We are of the opinion that from the above recital of evidence there was evidence of sufficient probative value from which the trier of the facts could reasonably infer guilt beyond a reasonable doubt and the court correctly overruled appellants' motion for a judgment at the close of the State's evidence.

Specification II was that the verdict was not supported by sufficient evidence, and Specification III was that the verdict was contrary to law. These specifications will be treated together.

Appellants support their position by relying on Manlove v. State (1968), 250 Ind. 70 at 77, 232 N.E.2d 874.

The evidence in the Manlove case was wholly circumstantial. Such is not the same in the case at bar, as appellants and Mr. Reed were all seen together by a number of witnesses in one automobile bearing a Tennessee license. Defendant Reed was identified, as was appellant Nelson and the other two appellants looked familiar to Mrs. Oyler.

It must be remembered all the evidence in Manlove, supra, was circumstantial while in the case at bar the evidence is circumstantial and that of eye witnesses. Therefore the Manlove case is not controlling in the case at bar.

In the case of Rowe v. State (1974), Ind., 314 N.E.2d 745, the court said:

"... it is not our function as an appellate court to weigh the evidence introduced at the trial or to decide questions concerning the credibility of witnesses testifying at the trial. Priola v. State (1973), Ind., 292 N.E.2d 604. Our proper role is to look to the evidence most supportive of the verdict and determine whether that evidence, along with the reasonable inferences which a trier of fact might draw from it, has established all the necessary elements of the offense charged... ." 314 N.E.2d at 747.

Appellants rely on and cite the case of Gaddis v. State (1969), 253 Ind. 73, 251 N.E.2d 658, 661, wherein they quote in their brief as follows:

"where the State's chief prosecuting witness by his own admission is unsure as to the identity of the criminal, such identification as a matter of law is insufficient."

The correct quote of the above reads as follows:

"... Where the state's chief prosecuting witness, by his own admission is unsure as to the identity of the criminal, and where other evidence or lack thereof would support such uncertainty, this court would hold that such identification, as a matter of law, is insufficient evidence, by itself, to prove appellant to be the perpetrator of the crime." (Original emphasis.)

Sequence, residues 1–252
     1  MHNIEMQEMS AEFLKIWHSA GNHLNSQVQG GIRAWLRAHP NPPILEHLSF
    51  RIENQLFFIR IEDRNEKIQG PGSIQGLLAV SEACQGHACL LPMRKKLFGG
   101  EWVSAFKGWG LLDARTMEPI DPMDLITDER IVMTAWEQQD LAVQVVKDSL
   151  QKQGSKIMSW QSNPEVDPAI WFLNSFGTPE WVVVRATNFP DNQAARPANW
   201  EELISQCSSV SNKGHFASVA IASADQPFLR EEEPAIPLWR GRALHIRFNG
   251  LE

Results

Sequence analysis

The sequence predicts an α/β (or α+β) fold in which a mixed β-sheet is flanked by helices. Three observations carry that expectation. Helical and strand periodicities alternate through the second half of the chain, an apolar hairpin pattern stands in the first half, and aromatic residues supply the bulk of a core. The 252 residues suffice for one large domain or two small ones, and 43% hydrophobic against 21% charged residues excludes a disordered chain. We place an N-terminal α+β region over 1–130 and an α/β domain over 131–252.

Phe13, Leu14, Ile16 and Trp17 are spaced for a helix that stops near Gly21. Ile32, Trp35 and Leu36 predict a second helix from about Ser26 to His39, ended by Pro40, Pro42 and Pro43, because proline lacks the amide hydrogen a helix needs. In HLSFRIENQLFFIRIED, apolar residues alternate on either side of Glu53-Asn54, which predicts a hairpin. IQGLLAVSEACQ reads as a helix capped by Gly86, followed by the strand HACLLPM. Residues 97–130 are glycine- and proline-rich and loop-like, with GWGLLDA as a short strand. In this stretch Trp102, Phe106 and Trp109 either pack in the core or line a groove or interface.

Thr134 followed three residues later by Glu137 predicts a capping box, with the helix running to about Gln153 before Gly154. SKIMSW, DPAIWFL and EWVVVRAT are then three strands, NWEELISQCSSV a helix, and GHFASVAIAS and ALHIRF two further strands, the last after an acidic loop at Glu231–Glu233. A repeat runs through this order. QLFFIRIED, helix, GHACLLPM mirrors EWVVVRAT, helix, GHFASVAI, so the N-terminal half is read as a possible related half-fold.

Apparently counsel for appellants misread the case or his secretary erred and did not correctly copy the court's full statement in his brief.

Our Supreme Court held in McAfee v. State (1973), Ind., 291 N.E.2d 554 at 556:

"... The evidence in this case is circumstantial, but conviction may be *883 sustained by circumstantial evidence alone, and we can not say that, based on that evidence, although only circumstantial, and the reasonable inferences to be drawn therefrom the evidence is insufficient as a matter of law. Where the sufficiency of circumstantial evidence is in question, we examine it carefully, not for the purpose of finding whether or not it is adequate to overcome every reasonable hypothesis of innocence, but with the view of deciding whether an inference may be reasonably drawn therefrom tending to support the finding of the trial court... ."

See also Glover v. State (1973), Ind. App., 300 N.E.2d 902, transfer denied Dec., 1973.

It is axiomatic that:

"The Court on review will look only to that evidence most favorable to the State and all reasonable inferences therefrom which will support a finding of guilty... . The conviction will be affirmed if there is sufficient probative evidence from which the trier of fact could reasonably infer guilt beyond a reasonable doubt... ." Warrenburg v. State, supra, at p. 436.

In the case at bar the evidence against the appellants establishes more than a mere opportunity to commit the offense charged and the McAfee v. State test is applicable to this appeal.

Having considered the above cited evidence together with the reasonable inferences to be drawn therefrom we are of the opinion there was sufficient evidence that a reasonable man would reach the same conclusion as did the jury and that the evidence was sufficient to sustain the verdict which was not contrary to law.

Judgment affirmed.

ROBERTSON, C.J., and LYBROOK, J., concur.